Given the dearth of movies about romance among middle-aged people, some may be inclined to root for a character-driven production like “Coast to Coast” — until, that is, they try watching it. A dreary road movie that feels stilted and stagy too much of the time, this is the sort of project where people don’t converse so much as unleash speeches at each other. As a holdover from Showtime’s movie-every-other-week strategy, this tired retread brings together a lot of fine actors and then strands them in a gasless vehicle.
Adapted by Frederic Raphael from his own novel and directed by Paul Mazursky — who navigated similar terrain a dozen years or so ago in “Scenes From a Mall” — “Coast to Coast” is about a cross-country trek from Connecticut to Los Angeles and was shot in Toronto. Not that there’s anything new about the practice, but the emotional flourishes are just as unconvincing and ersatz as the locations.
That isn’t to say there aren’t moments between stars Richard Dreyfuss and Judy Davis, playing a couple taking one last trip together — after the death of a child and respective affairs that wounded their marriage — as a prelude to getting divorced. The problem is all the pit stops along the way, as they visit a dizzying, over-the-top array of characters that may as well be dubbed the ghosts of relationships past.
Driving a classic Thunderbird that Barnaby (Dreyfuss), a veteran TV writer, plans to deliver to his son as a wedding present, they encounter, in sequence, her sister, her former professor (Maximilian Schell), his ex-writing partner (Mazursky), their daughter (Selma Blair), her ex-lover and his ex-best friend (Fred Ward). At a certain point, as Bill Conti’s genial score kicks up and the pair hit the road again, the temptation arises to yell back at the screen, “Dear God! They’re only in Nebraska?”
Finally, at the completion of the journey, where there are more emotional exchanges with their son (David Julian Hirsh) and a producer (Saul Rubinek) who shafted Barnaby years before.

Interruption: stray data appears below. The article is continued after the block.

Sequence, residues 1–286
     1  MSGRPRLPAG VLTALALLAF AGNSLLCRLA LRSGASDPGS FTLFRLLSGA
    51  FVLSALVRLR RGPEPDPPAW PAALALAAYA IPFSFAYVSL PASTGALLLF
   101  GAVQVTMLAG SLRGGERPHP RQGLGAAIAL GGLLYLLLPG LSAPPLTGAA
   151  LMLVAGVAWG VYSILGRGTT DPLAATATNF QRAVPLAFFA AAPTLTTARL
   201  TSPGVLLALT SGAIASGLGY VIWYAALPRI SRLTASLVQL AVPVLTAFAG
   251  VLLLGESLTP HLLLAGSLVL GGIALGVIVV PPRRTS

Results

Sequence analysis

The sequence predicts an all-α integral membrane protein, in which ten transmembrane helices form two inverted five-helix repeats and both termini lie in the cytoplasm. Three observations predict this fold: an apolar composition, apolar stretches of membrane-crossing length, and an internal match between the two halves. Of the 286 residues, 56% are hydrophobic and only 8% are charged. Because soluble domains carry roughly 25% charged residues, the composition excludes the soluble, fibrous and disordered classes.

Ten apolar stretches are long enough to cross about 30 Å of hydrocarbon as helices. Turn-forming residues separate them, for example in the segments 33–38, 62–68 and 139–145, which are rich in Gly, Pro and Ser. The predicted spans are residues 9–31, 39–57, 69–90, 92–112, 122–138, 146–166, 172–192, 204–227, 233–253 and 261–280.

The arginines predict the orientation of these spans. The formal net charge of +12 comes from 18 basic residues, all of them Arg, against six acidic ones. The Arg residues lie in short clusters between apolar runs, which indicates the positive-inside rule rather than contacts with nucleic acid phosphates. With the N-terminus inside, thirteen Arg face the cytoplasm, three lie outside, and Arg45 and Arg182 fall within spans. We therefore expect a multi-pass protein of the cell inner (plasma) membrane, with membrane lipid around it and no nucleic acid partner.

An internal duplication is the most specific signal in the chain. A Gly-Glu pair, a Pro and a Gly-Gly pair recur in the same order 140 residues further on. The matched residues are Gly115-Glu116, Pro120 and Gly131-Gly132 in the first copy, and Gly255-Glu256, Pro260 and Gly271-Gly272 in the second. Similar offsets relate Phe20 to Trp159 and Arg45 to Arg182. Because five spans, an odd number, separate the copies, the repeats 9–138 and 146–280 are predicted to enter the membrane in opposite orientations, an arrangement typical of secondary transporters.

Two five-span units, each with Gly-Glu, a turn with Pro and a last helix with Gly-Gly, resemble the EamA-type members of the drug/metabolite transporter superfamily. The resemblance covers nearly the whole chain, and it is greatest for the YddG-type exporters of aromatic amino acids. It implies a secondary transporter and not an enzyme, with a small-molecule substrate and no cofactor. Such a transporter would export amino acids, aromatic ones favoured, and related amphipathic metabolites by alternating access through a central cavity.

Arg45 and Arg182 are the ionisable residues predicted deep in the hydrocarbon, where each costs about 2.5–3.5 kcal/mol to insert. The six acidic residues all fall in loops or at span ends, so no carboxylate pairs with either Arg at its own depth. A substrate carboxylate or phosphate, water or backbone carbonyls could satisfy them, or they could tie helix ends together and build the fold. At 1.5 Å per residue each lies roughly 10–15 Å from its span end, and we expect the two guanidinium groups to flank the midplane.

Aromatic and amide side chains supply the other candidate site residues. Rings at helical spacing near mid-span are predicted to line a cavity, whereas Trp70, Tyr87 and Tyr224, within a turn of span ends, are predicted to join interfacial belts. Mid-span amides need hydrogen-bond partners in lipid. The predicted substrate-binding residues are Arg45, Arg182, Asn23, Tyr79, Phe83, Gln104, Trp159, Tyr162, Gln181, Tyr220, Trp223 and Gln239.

Each scene comes with its own peculiar twist, though none is terribly compelling and most ring hollow. Their nephew is a budding psychopath, the professor has remarried a woman less than half his age, their daughter has hooked up with a former NBA star (John Salley, who exhibits a nice onscreen persona), and the ex-lover is wildly agitated, though it’s hard to ascertain why.
“What happened to us, Maxine?” Barnaby asks his wife; the answer is obvious but not especially interesting. Losing a child is horribly traumatic, and each sought solace in different ways. Couldn’t we have agreed on that somewhere in Ohio and called it a day?
Credit Dreyfuss and Davis with giving it their best, but Raphael’s paper-thin script (including — no kidding — an Asian butler named Kato and fictitious sitcom titled “Sergeant Bimbo”) and Mazursky’s plodding direction tie them up in claustrophobic fashion, much like watching a bad play in a 50-seat theater.
Moreover, each sequence unfolds more strangely than the one before, until it’s a wonder that Barnaby & Maxine don’t detour to the Grand Canyon and pull a Thelma & Louise.
Showtime has already stated the channel intends to marshal its programming budget differently, focusing on series and higher-impact movies, which makes sense. In the interim, viewers will have an easier time of it than “Coast to Coast’s” central couple, escaping this long and winding road with just a flick of the remote control.